From Simon Cushing’s paper “Evil, Freedom and the Heaven Dilemma”: “However, even if the libertarian can block this apparent implication of his view, there are further problems for the theist who wishes to use this libertarianism to respond to the Heaven Dilemma. For it would appear that it implies that God could prevent all evil without disrupting freedom. Let us suppose, for example, that I am contemplating a heinous murder. I raise the knife. At this point I could genuinely go either way – stab or not. The future where I go ahead and kill is as possible as the future where I put the knife aside, and both are equally consistent with everything about me up until this moment (so that, on Swinburne’s view, not even God can predict which would happen). Suppose, at this point, God intervenes and ensures that I do not kill, and that therefore evil is averted. Has he subverted my freedom? I do not see that he could be said to have. This action is just as in keeping with all of my character and intentions as the evil action. I can endorse it as my choice just as willingly as the action of committing murder, and with just as much justification. It is possible that I would have done it anyway, but if I had, it would feel no different to me from the case where God intervenes. Nobody can claim that God has altered my character or intentions or made me do anything against my will. But if all that is true, then it is surely within the power of an omnipotent God to have a world of free beings without evil, provided he is prepared to intervene (which, as an omnibenevolent being, he certainly should be).”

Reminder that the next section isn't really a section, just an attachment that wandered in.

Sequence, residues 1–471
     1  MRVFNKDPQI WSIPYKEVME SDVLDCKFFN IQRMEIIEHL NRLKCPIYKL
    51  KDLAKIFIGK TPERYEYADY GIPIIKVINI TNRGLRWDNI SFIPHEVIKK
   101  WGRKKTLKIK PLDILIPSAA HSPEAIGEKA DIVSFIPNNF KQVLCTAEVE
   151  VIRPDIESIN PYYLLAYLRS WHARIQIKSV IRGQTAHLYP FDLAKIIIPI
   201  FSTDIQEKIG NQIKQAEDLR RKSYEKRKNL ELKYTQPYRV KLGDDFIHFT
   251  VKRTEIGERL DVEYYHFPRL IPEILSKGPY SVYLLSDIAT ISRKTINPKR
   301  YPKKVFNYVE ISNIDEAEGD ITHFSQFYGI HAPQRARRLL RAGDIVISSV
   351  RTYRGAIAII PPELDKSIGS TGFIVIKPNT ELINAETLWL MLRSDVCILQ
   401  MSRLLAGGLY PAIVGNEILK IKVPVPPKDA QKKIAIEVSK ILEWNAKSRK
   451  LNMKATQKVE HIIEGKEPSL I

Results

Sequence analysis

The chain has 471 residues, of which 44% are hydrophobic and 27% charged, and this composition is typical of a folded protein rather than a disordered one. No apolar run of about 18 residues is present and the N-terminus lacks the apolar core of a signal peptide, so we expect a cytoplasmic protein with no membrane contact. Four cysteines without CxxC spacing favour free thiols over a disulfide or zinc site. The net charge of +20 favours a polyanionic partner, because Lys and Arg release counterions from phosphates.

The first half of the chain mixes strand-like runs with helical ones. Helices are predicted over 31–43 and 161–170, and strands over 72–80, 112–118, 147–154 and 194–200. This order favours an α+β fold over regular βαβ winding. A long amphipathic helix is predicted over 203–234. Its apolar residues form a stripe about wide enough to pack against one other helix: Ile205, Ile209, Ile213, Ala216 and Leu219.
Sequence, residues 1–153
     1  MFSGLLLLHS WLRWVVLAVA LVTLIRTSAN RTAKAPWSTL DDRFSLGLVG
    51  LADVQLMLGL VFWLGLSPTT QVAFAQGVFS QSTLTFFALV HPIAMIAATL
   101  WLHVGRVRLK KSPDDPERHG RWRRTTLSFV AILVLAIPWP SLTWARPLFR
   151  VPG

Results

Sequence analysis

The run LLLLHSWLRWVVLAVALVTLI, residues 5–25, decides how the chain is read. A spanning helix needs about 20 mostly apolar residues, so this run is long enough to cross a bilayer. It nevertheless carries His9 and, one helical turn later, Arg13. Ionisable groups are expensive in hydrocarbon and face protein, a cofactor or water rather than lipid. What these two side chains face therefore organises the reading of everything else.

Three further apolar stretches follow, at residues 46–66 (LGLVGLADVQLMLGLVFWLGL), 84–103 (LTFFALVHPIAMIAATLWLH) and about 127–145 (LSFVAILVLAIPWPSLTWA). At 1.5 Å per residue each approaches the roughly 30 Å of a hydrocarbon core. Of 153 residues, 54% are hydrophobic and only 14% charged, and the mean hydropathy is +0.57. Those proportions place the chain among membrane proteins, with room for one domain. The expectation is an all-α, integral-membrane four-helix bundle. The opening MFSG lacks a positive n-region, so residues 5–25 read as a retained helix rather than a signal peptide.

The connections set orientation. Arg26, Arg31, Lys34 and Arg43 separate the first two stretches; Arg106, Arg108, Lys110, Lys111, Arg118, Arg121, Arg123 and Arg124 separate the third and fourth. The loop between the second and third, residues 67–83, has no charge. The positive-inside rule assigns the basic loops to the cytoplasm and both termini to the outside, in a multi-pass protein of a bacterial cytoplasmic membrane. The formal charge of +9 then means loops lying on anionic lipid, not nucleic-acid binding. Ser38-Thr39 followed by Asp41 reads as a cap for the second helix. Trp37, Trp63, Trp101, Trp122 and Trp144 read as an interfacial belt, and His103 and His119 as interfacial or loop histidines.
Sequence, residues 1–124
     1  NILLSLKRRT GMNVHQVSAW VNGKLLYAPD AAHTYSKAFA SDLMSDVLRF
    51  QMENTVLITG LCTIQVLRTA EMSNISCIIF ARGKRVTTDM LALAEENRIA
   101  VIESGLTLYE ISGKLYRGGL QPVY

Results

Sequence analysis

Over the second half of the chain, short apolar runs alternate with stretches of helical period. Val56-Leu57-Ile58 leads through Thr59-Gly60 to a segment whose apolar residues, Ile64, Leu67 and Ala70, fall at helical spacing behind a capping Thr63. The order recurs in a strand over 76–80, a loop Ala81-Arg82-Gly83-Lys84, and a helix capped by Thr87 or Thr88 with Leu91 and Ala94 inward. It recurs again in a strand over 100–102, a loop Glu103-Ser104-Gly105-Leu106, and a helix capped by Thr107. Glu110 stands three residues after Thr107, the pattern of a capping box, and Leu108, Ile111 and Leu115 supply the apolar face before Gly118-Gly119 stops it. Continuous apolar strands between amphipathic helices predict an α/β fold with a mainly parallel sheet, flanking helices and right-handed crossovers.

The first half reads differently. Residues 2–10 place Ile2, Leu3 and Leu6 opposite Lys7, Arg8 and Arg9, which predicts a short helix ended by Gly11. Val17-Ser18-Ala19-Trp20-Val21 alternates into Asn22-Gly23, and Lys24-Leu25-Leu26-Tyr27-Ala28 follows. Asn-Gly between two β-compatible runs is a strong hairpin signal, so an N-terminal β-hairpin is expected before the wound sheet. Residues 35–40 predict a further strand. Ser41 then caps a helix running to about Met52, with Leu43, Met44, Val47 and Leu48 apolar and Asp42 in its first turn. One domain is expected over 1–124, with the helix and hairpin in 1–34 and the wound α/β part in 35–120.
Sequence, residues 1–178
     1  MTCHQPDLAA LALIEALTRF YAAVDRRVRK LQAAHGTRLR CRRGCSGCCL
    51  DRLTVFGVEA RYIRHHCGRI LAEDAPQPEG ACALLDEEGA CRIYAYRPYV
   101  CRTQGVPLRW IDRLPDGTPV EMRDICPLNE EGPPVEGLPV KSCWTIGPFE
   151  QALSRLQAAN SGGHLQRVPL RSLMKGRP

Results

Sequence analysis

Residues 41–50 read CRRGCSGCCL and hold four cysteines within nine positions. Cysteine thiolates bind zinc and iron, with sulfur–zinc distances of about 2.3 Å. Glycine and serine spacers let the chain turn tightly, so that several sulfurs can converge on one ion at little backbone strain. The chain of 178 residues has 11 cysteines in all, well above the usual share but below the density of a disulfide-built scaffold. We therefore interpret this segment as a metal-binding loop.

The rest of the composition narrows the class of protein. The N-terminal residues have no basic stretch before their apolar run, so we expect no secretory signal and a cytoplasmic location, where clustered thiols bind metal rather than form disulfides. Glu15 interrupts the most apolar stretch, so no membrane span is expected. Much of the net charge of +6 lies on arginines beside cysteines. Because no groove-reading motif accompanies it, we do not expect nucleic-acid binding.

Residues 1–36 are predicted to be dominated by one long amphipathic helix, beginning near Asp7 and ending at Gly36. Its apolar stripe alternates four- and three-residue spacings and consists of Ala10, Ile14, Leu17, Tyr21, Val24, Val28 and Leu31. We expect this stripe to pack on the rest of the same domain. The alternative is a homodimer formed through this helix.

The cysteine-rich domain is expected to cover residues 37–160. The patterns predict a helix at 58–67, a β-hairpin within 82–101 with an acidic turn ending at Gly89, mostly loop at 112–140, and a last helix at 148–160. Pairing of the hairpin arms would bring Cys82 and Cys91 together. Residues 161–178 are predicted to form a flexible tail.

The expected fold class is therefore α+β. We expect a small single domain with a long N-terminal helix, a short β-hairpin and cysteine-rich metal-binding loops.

In the thread “Accounting for Natural Evil (part 3)” of the blog “Common Sense Atheism” ( I gave a reason, based on Matthew 13,27-29, why God may not be inclined to interfere in this world more conspicuously.

  9. From 1 Corinthians 13,12, 1 John 3,2, and Revelation 22,3-4 one can draw the conclusion that the residents of Heaven have perfect knowledge of God. In this life people change their mind about persons or matters when being faced with new insights that make them revise their views. In a situation however, in which one has perfect knowledge of God any decision concerning Him may be definitive; one cannot change one’s mind due to new insights. So, it may indeed be the case that for the residents of Heaven it is impossible to turn away from God. But this doesn’t mean that they have no free will. They made use of it when they freely chose to turn towards God and love Him. Moreover, from John 14,15 one can draw the conclusion that those in Heaven are willing not to sin, from Galatians 5,16-18 that they are able not to sin.